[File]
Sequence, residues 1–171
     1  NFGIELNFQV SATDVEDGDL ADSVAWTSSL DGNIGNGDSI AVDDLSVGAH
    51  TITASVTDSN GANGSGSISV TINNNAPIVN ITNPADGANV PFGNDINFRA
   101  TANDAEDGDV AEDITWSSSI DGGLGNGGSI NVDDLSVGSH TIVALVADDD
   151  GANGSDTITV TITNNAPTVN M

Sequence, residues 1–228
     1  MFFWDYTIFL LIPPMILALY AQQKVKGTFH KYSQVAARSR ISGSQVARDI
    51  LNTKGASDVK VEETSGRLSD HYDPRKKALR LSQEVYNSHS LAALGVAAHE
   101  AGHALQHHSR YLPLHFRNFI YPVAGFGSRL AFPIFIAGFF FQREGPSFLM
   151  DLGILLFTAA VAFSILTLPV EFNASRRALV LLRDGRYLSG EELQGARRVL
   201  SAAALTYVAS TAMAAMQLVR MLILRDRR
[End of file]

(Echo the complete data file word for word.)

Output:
Sequence, residues 1–171
     1  NFGIELNFQV SATDVEDGDL ADSVAWTSSL DGNIGNGDSI AVDDLSVGAH
    51  TITASVTDSN GANGSGSISV TINNNAPIVN ITNPADGANV PFGNDINFRA
   101  TANDAEDGDV AEDITWSSSI DGGLGNGGSI NVDDLSVGSH TIVALVADDD
   151  GANGSDTITV TITNNAPTVN M

Sequence, residues 1–228
     1  MFFWDYTIFL LIPPMILALY AQQKVKGTFH KYSQVAARSR ISGSQVARDI
    51  LNTKGASDVK VEETSGRLSD HYDPRKKALR LSQEVYNSHS LAALGVAAHE
   101  AGHALQHHSR YLPLHFRNFI YPVAGFGSRL AFPIFIAGFF FQREGPSFLM
   151  DLGILLFTAA VAFSILTLPV EFNASRRALV LLRDGRYLSG EELQGARRVL
   201  SAAALTYVAS TAMAAMQLVR MLILRDRR